I have become more interested in process again recently and am enjoying this series of drawings in the studio. The drawings are a way of slowing down, they act as a curb on the urge to “do something” and take away the anxiety of not knowing what to draw. The formal ready-made grid restricts the gestural and demands slow, deliberate marks, though my hand wobbles and the mark cannot be fully controlled.
Have been having a good time: talking about practice, moving things forward on the new studio front, researching drawings and getting on in the studio. The drawings are a record of time taken.
Also visited lightship LV21, currently sporting Jon Adams’ Dysarticulate 3. I will be there making boats this Sunday as part of Lightship and Lighthouse weekend. The project is an amazing example of personal dedication and investment.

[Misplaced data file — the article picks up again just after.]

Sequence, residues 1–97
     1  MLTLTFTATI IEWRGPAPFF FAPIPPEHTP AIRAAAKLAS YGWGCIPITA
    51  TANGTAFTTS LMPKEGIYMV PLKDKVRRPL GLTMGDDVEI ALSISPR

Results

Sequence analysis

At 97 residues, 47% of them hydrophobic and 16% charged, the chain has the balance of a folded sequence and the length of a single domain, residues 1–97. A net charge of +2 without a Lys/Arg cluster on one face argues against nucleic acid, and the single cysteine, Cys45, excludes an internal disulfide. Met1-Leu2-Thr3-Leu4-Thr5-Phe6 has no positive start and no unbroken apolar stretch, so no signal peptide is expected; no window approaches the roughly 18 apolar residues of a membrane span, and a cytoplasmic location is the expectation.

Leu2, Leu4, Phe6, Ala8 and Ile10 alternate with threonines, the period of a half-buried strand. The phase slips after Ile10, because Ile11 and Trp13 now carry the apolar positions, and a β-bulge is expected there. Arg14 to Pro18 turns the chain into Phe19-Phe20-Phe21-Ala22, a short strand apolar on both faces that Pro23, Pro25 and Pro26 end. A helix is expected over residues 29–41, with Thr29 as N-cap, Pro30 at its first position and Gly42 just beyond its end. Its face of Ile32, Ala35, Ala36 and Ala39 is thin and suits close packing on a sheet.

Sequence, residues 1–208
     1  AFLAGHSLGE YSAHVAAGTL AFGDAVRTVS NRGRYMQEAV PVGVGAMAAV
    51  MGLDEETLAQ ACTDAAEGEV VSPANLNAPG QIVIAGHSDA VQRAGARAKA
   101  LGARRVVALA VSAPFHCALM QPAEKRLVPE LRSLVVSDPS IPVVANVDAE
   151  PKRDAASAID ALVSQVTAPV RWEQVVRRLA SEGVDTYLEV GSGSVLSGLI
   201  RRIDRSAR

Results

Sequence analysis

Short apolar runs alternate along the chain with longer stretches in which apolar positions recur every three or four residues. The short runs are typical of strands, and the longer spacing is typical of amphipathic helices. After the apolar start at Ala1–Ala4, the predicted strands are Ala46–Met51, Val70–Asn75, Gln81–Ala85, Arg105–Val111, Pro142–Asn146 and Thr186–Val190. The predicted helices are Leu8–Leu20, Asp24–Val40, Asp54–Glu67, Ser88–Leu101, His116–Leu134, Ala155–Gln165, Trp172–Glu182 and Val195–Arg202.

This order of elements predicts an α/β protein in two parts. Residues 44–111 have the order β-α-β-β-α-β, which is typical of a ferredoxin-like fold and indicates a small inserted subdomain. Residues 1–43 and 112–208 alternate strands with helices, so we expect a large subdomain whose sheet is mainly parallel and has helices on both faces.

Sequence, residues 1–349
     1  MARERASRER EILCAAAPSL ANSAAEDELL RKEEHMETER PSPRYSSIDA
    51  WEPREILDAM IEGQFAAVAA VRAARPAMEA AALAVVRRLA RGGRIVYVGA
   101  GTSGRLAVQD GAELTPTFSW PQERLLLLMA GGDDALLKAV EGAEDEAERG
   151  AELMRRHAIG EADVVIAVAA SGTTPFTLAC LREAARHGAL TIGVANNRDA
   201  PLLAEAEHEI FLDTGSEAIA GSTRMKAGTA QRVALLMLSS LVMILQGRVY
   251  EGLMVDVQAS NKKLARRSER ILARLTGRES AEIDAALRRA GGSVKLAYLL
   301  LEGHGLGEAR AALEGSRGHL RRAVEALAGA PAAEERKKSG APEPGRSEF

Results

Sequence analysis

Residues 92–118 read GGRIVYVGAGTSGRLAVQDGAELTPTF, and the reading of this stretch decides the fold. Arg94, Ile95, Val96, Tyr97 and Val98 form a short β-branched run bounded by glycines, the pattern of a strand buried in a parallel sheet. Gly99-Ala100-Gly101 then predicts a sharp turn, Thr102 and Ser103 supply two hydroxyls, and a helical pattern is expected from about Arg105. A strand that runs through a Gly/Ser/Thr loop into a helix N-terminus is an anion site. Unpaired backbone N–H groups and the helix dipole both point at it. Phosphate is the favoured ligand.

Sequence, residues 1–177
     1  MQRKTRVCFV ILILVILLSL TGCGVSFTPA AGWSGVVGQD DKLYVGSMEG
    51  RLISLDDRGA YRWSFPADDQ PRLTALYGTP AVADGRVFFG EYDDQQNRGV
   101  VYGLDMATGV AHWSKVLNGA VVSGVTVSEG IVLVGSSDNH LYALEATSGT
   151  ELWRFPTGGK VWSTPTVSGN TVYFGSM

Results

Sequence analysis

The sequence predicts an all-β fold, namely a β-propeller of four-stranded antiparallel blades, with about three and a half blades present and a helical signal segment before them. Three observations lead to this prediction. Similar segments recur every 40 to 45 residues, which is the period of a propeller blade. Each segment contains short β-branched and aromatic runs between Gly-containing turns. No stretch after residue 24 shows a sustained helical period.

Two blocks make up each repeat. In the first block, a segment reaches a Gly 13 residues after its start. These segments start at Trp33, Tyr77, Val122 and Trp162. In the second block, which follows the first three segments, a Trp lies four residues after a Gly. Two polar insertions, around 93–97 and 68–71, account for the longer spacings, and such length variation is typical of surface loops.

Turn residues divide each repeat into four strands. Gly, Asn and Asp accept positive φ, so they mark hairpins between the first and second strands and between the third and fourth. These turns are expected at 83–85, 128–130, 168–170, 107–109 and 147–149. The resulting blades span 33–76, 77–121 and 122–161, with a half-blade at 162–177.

Just listened to a podcast – Christopher Townsend on the Physicality of Drawing. Interesting comments on the importance of agency and the pain of touch.
Spent some time in the studio earlier and started this piece of work, which could be interesting when it’s finished. I don’t know yet. I am using a big, rather unwieldy graphite stick.
Came across this great quote today:
“For me, practical and conceptual concerns are inseparable. We live in a world that is more easily defined by technology, but I am interested in ideas about the handmade, how human existence can be communicated through the handmade in a more meaningful way. There is a real difference between process paintings and paintings that emphasise the presence of the human hand. For me, the latter is a more conceptual approach. I think that ideas about the handmade have an important role to play in a contemporary context” (Paul Doran) (http://contemporarydrawingsalon.blogspot.co.uk/sea…)
Had a play in the studio today after what seems a very long time away.
Well, that was not a great success as far as boat-making went but I had some good conversations. Too much sport going on really.
Great to get some feedback though via this blog about the boats, so thanks to Clare Maynard for the comment.